Tuesday, August 18, 2009

Glucagons and Glucagon-Like Peptides

Glucagon is best known as a peptide hormone secreted from pancreatic islets that participates in control of glucose metabolism.

Related peptides
Glucagon is synthesized as proglucagon and proteolytically processed to yield glucagons within alpha cells of the pancreatic islets. Proglucagon is also expressed within the intestinal tract, where it is processed not into glucagon, but to a family of glucagon-like peptides. In both pancreas and gut, three types of products are generated:
* Peptides with known biological activity: glucagon and glucagon-like peptide-1 (GLP-1)
* Peptides that may have biological activity, but which are poorly characterized or active only at what are considered non-physiologic concentrations: glucagon-like peptide-2 (GLP-2) and oxyntomodulin
* Peptides without apparent biological activity: glicentin, glicentin-related pancreatic peptide, major proglucagon fragment1.

Glucagon was initially purified by C. P. Kimball and John R. Murlin of the University of Rochester in 1923. The amino acid sequence of glucagon was described in the late-1950s2.

Structural Characteristics
Glucagon is a linear peptide of 29 amino acids. Its primary sequence is almost perfectly conserved among vertebrates, and it is structurally related to the secretin family of peptide hormones1.

Mode of Action
Glucagon signals through its receptor on the cell surface. The binding of glucagon to the extracellular loops of the glucagon receptor results in conformational changes of the latter, leading to subsequent activation of the coupled G proteins. At least two classes of G proteins are known to be associated with and involved in the signal transduction of the glucagon receptor, namely Gs and Gq. The activation of Gs leads to activation of adenylate cyclase, increase in intracellular cAMP levels, and subsequent activation of protein kinase A (PKA). The activation of Gq leads to the activation of phospholipase C, production of inositol 1,4,5-triphosphate, and subsequent release of intracellular calcium3.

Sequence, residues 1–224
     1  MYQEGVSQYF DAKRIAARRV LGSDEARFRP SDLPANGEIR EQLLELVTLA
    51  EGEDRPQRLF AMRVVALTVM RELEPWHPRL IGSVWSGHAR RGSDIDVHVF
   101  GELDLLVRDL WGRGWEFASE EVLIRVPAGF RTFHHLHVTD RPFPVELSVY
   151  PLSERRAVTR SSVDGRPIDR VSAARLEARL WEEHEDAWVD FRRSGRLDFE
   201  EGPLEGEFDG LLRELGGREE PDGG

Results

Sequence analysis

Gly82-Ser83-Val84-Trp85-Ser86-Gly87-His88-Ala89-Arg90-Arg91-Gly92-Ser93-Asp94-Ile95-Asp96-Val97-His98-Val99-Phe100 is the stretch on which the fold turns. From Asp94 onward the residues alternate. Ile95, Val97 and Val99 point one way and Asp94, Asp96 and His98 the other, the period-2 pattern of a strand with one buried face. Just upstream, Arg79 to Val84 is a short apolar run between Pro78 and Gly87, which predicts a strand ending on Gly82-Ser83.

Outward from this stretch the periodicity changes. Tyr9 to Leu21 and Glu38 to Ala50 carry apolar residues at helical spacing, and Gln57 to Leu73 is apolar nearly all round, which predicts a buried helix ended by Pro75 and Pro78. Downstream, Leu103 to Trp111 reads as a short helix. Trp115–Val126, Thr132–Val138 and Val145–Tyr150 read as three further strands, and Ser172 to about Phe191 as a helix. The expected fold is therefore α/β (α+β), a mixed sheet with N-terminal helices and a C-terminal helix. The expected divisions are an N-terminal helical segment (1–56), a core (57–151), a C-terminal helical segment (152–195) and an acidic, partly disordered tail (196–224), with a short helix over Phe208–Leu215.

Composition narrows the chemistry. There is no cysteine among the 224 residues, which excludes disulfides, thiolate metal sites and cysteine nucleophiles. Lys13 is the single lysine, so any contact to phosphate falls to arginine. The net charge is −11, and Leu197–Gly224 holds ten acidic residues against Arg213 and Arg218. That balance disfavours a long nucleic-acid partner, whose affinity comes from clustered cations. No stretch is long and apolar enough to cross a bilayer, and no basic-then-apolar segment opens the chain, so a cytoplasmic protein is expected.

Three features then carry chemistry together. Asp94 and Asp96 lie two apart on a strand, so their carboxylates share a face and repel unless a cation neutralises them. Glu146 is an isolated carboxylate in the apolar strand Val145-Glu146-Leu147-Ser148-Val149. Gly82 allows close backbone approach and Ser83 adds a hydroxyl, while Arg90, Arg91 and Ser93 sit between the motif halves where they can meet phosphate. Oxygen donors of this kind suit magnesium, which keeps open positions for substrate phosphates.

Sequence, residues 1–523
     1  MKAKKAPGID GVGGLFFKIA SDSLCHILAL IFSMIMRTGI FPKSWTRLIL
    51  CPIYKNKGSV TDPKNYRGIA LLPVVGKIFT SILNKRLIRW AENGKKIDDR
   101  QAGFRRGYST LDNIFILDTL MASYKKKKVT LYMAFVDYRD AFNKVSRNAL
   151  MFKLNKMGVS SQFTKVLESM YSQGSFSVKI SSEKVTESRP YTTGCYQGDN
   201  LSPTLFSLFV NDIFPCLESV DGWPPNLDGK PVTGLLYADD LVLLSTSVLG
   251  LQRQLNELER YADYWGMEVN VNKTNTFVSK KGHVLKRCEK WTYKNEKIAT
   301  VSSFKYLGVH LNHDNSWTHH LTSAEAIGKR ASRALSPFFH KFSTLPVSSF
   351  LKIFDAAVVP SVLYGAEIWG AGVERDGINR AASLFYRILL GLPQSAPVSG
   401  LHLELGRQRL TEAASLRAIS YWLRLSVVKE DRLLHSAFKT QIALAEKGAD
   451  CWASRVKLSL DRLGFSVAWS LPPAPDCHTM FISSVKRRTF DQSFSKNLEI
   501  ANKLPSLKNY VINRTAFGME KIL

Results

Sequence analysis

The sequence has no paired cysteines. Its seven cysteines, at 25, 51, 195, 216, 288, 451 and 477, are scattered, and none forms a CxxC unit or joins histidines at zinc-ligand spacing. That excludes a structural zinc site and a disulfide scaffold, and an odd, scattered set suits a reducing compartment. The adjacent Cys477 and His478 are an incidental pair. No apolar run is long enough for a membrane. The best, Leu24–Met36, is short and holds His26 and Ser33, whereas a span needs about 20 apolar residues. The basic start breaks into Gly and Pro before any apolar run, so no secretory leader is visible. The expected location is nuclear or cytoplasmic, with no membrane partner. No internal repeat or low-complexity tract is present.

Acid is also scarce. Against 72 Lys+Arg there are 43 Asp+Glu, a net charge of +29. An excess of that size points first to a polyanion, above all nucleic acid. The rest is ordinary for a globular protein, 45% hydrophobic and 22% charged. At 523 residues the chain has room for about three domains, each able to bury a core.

* Glucagon plays a key role in glucose metabolism and homeostasis. Regulates blood glucose by increasing gluconeogenesis and decreasing glycolysis. A counterregulatory hormone of insulin, raises plasma glucose levels in response to insulin-induced hypoglycemia. Plays an important role in initiating and maintaining hyperglycemic conditions in diabetes.
* GLP-1 is a potent stimulator of glucose-dependent insulin release. Play important roles on gastric motility and the suppression of plasma glucagon levels. May be involved in the suppression of satiety and stimulation of glucose disposal in peripheral tissues, independent of the actions of insulin. Have growth-promoting activities on intestinal epithelium. May also regulate the hypothalamic pituitary axis (HPA) via effects on LH, TSH, CRH, oxytocin, and vasopressin secretion. Increases islet mass through stimulation of islet neogenesis and pancreatic beta cell proliferaton. Inhibits beta cell apoptosis.
* GLP-2 stimulates intestinal growth and up-regulates villus height in the small intestine, concomitant with increased crypt cell proliferation and decreased enterocyte apoptosis. The gastrointestinal tract, from the stomach to the colon is the principal target for GLP-2 action. Plays a key role in nutrient homeostasis, enhancing nutrient assimilation through enhanced gastrointestinal function, as well as increasing nutrient disposal. Stimulates intestinal glucose transport and decreases mucosal permeability.
* Oxyntomodulin significantly reduces food intake. Inhibits gastric emptying in humans. Suppression of gastric emptying may lead to increased gastric distension, which may contribute to satiety by causing a sensation of fullness.
* Glicentin may modulate gastric acid secretion and the gastro-pyloro-duodenal activity. May play an important role in intestinal mucosal growth in the early period of life4.

1.Kieffer TJ and Habener JF (1999). The Glucagon-Like Peptides. Endocrine Reviews, 20 (6), 876-913
2.Jiang G, Zhang BB (2003). Glucagon and regulation of glucose metabolism. Am J Physiol Endocrinol Metab., 284(4), E671-8.
3.Kimball CP, Murlin JR (1923). Aqueous extracts of pancreas. III. Some precipitation reactions of insulin. J. Biol. Chem., 58(1), 337
4.Blache P, Kervran A, Bataille D (1988). Oxyntomodulin and glicentin: brain-gut peptides in the rat. Endocrinology, 123(6), 2782-7.

No comments: